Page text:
Read the AMA Council on Science and Public Health Report on “Use of Electronic Cigarettes in Smoking Cessation.”

Russell W.H. Kridel, M.D.

Does bottled water have fluoride in it?

Most bottled water is low in fluoride and lacks sufficient fluoride levels to prevent tooth decay.

However, most municipal drinking water sources do include fluoridation to reduce dental caries.

Drink tap water.  Your dentist and your bank account will be happier.

Read the AMA Council on Science and Public Health Report on “Safety of Bottled Water”.

Russell W.H. Kridel, M.D.

Why is salt the new target in the media?

You may have seen or read about a subway ad campaign that kicked off this week in NYC by the city’s Department of Health that urged consumers to reduce salt consumption.

NYC Subway Campaign

The concern over public salt consumption and salt levels in common food products is not really new news. In a 2006 Report on the Promotion of Healthy Lifestyles, the AMA Council on Science and Public Health addressed the issue of reducing the population burden of cardiovascular disease by reducing sodium intake. You can read a summary of the report here.

The CSAPH stated the public health advice to reduce sodium intake, such as that recently in NYC, is intended to influence the overall distribution of sodium intakes and, thereby, the incidence of hypertension in the population. With an appropriate food industry response, combined with consumer education and knowledgeable use of food labels, the average consumer should be able to choose a lower sodium diet without an inordinate level of dietary restriction, inconvenience, or loss of food enjoyment.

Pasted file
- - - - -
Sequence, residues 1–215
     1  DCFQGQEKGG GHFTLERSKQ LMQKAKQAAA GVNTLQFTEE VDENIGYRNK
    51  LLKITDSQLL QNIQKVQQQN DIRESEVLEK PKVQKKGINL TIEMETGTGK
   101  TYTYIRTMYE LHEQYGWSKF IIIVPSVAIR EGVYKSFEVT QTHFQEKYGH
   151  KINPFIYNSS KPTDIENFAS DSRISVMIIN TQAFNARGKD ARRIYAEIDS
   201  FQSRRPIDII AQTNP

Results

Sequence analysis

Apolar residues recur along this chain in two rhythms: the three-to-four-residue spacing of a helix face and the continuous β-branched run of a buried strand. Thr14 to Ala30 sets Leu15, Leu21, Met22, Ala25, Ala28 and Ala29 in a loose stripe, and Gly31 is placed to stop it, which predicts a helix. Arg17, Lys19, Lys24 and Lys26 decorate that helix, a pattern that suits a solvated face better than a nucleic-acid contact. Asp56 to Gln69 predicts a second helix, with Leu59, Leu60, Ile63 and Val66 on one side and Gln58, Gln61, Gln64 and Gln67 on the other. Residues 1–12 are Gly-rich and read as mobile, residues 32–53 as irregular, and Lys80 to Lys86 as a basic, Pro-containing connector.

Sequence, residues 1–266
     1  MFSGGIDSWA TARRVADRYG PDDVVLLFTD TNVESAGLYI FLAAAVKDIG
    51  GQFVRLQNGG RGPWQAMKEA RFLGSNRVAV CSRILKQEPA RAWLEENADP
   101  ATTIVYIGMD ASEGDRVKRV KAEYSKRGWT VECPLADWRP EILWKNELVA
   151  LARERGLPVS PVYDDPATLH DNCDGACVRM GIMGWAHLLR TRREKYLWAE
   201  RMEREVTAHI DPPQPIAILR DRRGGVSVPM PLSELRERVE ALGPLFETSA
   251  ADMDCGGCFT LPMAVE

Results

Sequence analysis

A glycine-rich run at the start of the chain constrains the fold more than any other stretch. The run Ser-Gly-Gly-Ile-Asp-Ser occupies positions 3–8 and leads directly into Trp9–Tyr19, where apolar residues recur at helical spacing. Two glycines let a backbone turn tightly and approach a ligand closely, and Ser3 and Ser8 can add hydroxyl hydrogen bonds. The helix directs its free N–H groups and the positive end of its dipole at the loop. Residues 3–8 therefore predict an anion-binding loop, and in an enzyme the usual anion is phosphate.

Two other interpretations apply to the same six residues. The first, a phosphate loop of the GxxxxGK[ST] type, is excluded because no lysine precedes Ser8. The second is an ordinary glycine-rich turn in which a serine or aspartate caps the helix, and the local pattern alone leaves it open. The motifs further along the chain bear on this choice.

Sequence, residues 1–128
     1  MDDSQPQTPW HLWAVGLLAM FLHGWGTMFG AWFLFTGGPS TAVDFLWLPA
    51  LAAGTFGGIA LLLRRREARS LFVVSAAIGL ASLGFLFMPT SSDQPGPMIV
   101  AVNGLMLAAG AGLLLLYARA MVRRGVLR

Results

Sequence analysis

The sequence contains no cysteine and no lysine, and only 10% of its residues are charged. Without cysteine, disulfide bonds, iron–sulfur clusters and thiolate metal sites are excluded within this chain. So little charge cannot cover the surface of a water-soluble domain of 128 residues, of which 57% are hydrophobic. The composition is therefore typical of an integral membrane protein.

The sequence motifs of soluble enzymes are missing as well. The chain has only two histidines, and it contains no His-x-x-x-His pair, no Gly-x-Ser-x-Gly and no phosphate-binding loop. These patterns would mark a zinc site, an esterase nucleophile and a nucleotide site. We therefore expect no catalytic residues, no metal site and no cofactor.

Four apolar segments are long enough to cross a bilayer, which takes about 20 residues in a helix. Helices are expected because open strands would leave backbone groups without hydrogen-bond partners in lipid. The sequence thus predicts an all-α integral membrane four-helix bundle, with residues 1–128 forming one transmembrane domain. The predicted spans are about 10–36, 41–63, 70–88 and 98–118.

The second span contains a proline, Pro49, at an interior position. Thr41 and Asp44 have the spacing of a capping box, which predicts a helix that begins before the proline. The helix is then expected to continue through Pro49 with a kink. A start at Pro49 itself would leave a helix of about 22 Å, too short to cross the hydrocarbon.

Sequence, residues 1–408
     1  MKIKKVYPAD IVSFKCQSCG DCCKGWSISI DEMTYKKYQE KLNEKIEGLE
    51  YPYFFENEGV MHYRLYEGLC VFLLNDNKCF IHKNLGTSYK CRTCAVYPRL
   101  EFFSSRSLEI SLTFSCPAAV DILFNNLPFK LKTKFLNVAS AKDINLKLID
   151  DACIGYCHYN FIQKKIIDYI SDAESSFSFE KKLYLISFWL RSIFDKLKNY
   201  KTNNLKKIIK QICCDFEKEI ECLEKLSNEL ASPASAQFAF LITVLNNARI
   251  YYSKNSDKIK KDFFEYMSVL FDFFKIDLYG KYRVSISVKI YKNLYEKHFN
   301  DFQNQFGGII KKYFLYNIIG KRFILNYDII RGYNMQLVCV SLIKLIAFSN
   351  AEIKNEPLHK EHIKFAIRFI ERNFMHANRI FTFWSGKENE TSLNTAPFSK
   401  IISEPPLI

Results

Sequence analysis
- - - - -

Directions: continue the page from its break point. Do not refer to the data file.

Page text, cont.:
If we could change what the food companies and restaurants do, we can change the consumer’s mindset. And the result will be less cardiovascular disease and improved health overall for our population.

Russell Kridel, MD


Are flu vaccinations just for high-risk groups, like the elderly?

No. Flu vaccinations are not just for high-risk groups. The current policy states that routine annual influenza vaccinations are recommended for all adolescents and adults age 6 months and older.

Optimally, vaccination should occur before the onset of influenza in the community. Therefore, vaccinations are offered as soon as a vaccine is available to the public.  In addition, vaccinations are made available throughout the flu season as long influenza viruses are circulating in your community.

Previously, it was recommended that persons at high risk for complications from influenza should be the priority.  But, that is no longer the case.